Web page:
Monday, October 17, 2016

Hillslope stability tools

Here I am on landslides. I gave some contributions to this topics, and I wrote also something about, however I never tried to put a list of models that can be used.

As a general reading I would suggest certainly 

It is one of the few books that have a modern approach to quantitative hillslope hydrology. Who starts from it, is already a few years behind others.  Fortunately, Ning Lu covered some of the book chapters in the summer school on landslides held in 2013, and you can also learn directly from his voice and video.

If you have red the book, you can then understand that having at least a 2D tool for assessing hillslope stability is a necessity that you cannot avoid. 

So here they are my favorite tools:

Jgrasstools (see also here) - They contain a SHALSTAB implementation that can be used for comparison. They also contains the necessary tools for terrain analysis.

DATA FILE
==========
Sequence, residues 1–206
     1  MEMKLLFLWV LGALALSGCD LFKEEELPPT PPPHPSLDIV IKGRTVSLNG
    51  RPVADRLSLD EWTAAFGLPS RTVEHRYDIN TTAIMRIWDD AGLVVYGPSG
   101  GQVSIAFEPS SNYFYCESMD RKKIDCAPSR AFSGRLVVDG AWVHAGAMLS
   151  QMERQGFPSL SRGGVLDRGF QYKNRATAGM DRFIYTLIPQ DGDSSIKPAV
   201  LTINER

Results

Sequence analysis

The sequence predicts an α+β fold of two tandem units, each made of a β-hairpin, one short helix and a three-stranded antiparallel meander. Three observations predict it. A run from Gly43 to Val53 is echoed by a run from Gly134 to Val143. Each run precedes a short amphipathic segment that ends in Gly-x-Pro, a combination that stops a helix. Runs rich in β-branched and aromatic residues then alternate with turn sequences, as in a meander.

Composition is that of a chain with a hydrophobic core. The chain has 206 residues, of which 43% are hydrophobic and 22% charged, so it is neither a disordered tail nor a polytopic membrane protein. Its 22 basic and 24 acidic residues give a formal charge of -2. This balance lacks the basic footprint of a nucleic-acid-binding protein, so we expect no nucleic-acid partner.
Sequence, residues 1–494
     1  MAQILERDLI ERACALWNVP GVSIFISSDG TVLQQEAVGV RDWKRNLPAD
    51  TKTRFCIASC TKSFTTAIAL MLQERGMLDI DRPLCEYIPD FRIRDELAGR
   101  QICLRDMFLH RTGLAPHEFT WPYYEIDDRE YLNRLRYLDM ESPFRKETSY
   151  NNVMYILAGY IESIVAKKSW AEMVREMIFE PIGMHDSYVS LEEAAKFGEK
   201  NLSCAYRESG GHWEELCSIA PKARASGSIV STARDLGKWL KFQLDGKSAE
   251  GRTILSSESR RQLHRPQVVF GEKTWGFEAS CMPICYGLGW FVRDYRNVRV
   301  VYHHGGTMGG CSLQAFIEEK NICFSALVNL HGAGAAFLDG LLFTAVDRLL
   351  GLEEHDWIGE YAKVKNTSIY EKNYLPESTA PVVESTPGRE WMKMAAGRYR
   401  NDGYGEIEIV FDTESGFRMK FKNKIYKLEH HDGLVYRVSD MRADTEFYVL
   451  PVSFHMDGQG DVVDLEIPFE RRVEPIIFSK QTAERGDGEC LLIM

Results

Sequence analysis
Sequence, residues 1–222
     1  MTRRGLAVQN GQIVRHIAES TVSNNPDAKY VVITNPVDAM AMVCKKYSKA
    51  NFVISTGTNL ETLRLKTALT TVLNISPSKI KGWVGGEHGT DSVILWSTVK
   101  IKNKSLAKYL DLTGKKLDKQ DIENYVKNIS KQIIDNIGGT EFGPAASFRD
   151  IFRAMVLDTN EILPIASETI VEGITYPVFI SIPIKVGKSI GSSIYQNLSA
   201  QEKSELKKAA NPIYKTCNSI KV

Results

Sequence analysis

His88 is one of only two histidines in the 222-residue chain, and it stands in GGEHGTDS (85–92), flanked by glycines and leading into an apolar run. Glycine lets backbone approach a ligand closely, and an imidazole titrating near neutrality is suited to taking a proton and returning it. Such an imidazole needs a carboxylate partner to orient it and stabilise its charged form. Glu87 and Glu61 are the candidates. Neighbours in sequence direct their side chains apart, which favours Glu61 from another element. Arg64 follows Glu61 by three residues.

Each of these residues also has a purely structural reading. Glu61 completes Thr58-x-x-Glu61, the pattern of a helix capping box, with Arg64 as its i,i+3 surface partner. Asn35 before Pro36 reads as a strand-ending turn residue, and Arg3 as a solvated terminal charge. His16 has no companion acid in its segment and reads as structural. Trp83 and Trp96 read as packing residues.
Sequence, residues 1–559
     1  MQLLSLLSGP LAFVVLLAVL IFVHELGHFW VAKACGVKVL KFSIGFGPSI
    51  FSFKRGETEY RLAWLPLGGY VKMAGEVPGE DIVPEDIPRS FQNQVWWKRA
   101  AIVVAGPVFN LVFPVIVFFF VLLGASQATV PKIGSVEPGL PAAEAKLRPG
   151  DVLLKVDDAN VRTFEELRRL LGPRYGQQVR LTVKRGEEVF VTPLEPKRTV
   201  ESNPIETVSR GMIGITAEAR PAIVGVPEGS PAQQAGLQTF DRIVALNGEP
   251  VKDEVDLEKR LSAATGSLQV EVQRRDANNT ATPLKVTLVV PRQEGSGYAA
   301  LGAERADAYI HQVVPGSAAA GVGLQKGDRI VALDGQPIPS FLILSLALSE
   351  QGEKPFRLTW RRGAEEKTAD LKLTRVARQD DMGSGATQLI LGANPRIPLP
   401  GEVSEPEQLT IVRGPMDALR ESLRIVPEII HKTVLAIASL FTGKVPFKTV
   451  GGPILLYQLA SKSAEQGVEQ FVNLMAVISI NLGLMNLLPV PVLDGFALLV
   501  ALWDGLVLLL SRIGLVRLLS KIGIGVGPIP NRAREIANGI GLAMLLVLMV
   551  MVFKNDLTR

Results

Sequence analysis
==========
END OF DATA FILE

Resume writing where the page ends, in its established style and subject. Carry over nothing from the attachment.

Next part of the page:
CISLAM -  model was originally implemented in R by Cristiano Lanni (GS), but it was ported to JGrasstools in a Google Summer of Code by Marco Foi. I cannot guarantee its quality, since I never used it, but it is built on the theory I co-developed with Cristiano that you can find addressed here. (Jgrasstools are migrated to the gvSIG 2.3 now or are available trough S.T.A.G.E.).

Boussinesq - This is not directly a tool for hillslope stability estimation. However, it serves to estimate the water content (neglecting at the moment, the vadose zone). There are two version of it:  a C version by Emanuele Cordano (stable and working) and a Java version by Francesco Serafin (that is in Java, for being inserted into OMS3, and still a project under construction).

RiDI. - This was developed by Fabio Ciervo in his Ph.D.  it has the peculiarity that it implements a double porosity soil water retention curve proposed by Nunzio Romano (GS) and coworkers.

GEOtop - It was used a lot to this scope, conjointly with simple and less simple hillslope stability analysis (we did some papers with it).

At present, all the tools require to become part of a consistent framework. But we (Giuseppe Formetta -GS-, Francesco Serafin and I) are working on it, looking forward to the next EGU General Assembly in Wien (April 2017). Stay tuned. 

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